He laughs and pulls out a Novo Nordisk insulin pen. Oh my god, oh my god, I thought, I really am a magnet for diabetics!

I point to my insulin pump in my pocket and we chat for about fifteen minutes about that. I give him the URL for my blog and then we take off in different directions.

I mosey on over to Jill.

“You know that guy we were talking to earlier, the Indian in the maroon sweater,” I ask.


“He has type 1 diabetes too!”

Jill’s eyes go wide, “No way!” I laugh. Later that evening we reconnect with Shrikhan and we chat about dorky stuff like insulin pumps, glucose meters and endocrinologists. It was an unbelievable encounter. I mean, sure I’m used to meeting diabetics on a regular basis, but usually at pre-planned events where I know there are going to be other diabetics. Not at some random house party three hundred miles from where I live!

I wish I could write a “How to meet diabetics without even trying” article, but I don’t even know how I do it!

P.S. Extra bonus points for the people who can tell me where the title of this blog post comes from!

  1. October 22, 2007 2:47 PM

    the postal service!

  2. October 22, 2007 3:28 PM

    Darn, Jill beat me to the answer! Does Maryland really have a turnpike? I have lived here my entire life and did not know that. I am so glad you had a good weekend in D.C.!

  3. Allison permalink*
    October 22, 2007 3:30 PM

    Jillian, well, I don’t know if it’s actually called the Maryland Turnpike, but I-95 has a toll in Maryland, so I’m calling it a turnpike because it took my $4!!!

  4. Carey permalink
    October 22, 2007 3:56 PM

    Drats. I was also beaten to the answer. Love that song.

  5. October 22, 2007 4:00 PM

    Very cool that you got to hang with Jill! And you ARE a magnet for diabetics! Rock on! 🙂

  6. Allison permalink
    October 22, 2007 4:25 PM

    Glad the exhibit rocked. I’m thinking about checking it out on Saturday morning. If you ever meet up in DC, I would love to meet you all!

  7. October 22, 2007 8:09 PM

    Wow,that sounds cool. You never know just who you’ll bump into thats d.
    Maybe sometime I can meet you, (almost) everyone else in the OC has!:-) Moving next month to MD.

  8. October 22, 2007 8:43 PM

    Great photos –
    Get an e-z pass for the tolls – makes life much simpler.

  9. Allison permalink*
    October 23, 2007 9:15 AM

    Colleen: You know, when I was driving down I was talking to my dad and he asks, “So, now that you’re an official New Jerseyan when are you getting an EZ-Pass” but it’s funny because this is the first time since Labor Day weekend that I’ve been on a toll road. I’m just not on the Turnpike or the Parkway, like, ever, so I just never think about it!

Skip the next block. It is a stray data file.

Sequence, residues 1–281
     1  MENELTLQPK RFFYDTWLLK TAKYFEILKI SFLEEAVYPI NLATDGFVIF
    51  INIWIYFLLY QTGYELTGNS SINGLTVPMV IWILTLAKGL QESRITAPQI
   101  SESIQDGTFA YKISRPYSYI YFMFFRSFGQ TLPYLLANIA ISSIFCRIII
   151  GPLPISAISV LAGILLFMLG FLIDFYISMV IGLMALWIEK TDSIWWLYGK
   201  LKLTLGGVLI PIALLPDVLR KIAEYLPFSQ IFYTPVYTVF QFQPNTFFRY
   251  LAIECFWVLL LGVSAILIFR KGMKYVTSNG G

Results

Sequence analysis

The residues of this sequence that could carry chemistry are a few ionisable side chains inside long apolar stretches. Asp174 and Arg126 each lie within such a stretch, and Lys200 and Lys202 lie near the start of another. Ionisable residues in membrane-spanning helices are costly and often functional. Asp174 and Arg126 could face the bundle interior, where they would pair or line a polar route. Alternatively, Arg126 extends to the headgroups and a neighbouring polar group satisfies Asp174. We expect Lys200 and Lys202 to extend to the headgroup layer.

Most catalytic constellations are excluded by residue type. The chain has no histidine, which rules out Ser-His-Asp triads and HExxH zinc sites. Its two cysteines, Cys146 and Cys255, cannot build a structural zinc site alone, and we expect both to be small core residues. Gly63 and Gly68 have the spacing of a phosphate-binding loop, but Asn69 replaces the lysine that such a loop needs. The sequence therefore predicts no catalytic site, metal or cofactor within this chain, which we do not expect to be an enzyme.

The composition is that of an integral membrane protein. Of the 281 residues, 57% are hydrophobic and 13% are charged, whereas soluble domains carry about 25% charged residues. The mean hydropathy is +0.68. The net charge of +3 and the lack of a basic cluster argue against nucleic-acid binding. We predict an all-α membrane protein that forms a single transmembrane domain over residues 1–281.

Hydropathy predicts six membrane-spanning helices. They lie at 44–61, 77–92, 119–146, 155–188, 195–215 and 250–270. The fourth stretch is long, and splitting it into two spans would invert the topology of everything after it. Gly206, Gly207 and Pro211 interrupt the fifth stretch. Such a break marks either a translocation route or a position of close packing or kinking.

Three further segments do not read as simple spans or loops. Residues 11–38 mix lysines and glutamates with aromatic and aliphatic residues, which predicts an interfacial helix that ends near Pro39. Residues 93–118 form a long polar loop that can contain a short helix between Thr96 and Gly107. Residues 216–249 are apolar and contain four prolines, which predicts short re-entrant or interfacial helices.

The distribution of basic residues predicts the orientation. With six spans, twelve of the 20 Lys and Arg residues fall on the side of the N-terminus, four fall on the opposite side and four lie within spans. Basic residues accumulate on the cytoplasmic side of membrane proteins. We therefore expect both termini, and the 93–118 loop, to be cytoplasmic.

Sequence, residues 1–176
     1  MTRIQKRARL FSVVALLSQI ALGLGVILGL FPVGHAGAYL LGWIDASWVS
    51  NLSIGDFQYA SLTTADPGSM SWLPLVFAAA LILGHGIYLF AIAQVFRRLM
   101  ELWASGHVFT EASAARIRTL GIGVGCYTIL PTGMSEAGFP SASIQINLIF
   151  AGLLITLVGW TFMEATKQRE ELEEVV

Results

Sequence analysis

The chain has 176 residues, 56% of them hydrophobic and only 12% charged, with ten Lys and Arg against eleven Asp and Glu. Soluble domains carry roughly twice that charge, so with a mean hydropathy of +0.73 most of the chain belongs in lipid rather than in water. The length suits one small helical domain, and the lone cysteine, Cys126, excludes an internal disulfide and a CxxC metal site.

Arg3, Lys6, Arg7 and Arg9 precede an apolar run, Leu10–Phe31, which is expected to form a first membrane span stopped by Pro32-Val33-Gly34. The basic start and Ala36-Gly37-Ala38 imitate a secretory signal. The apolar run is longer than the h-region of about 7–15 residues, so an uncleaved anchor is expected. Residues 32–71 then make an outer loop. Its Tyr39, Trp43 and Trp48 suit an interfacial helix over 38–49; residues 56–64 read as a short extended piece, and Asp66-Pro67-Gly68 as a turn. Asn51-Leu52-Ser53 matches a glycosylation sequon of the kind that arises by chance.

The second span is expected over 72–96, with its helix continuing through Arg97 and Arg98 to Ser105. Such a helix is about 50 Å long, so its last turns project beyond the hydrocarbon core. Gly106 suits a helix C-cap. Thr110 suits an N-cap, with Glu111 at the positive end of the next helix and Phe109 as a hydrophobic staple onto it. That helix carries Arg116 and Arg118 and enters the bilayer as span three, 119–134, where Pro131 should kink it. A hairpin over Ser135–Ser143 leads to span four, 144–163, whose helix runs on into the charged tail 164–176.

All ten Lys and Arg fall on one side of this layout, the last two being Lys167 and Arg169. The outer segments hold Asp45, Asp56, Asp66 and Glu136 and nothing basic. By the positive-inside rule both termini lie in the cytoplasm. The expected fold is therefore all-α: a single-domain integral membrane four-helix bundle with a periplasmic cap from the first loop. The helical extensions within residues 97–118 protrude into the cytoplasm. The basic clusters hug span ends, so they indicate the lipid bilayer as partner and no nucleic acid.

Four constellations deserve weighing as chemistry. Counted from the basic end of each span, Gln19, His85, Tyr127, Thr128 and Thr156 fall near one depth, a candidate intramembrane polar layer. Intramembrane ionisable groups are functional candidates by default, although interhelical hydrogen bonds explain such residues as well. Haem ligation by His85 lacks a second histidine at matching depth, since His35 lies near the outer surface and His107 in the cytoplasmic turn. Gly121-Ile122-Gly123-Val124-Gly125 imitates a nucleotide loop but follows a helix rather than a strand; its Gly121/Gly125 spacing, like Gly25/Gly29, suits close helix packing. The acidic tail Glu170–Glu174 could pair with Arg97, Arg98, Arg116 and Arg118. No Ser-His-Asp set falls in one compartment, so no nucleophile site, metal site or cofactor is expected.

Heidi: We definitely have to meet! Philly sounds like an excellent mid-way location, and we could even wrangle Hannah and maybe Carey into coming!

  10. October 23, 2007 12:40 PM

    I’ve come to the conclusion that you’re not a magnet for diabetics. You have a gift for drawing people out. I’ve mentioned in one of my other comments that you know so many diabetics and I know so few. I’ve probably met many but the conversation was too superficial to learn they were diabetic. When I read your post I through my hands in the air and said, “She did it again.”

  11. October 24, 2007 3:17 AM

    That title gave me a hankering and I’m now listening to that postal service album.

    I freaking *love* those amazing random diabetic meetings. Yay! I got so excited just reading your post. My last one was less random than yours, but equally great in the total understanding that a stranger has of intimate details that no one else has, and the giggles and dorkiness that ensue. A friend of mine introduced us. He told me that he’d accidentally taken his Lantus twice that day (I say, oh no! as my non-diabetic friend is like huh??). A few minutes later I see him across the room. He picks up the diet pop, thinks for a second, then puts it back and takes the regular pop. I say, that serious, you need that stuff today, huh? And we both cracked up.

    I was at a World Bank protest in DC several years ago in which the police to protester ratio was similarly ridiculous, about 1:1, with lots of threatening twirling of their nightsticks.

  12. October 25, 2007 4:00 AM


    I think you’re a magnet because you’re not afraid to be upfront about your diabetes. Which is a great thing.

    I’m glad you’re enjoying Washington. It’s such a fun city with way too much to look at and enjoy.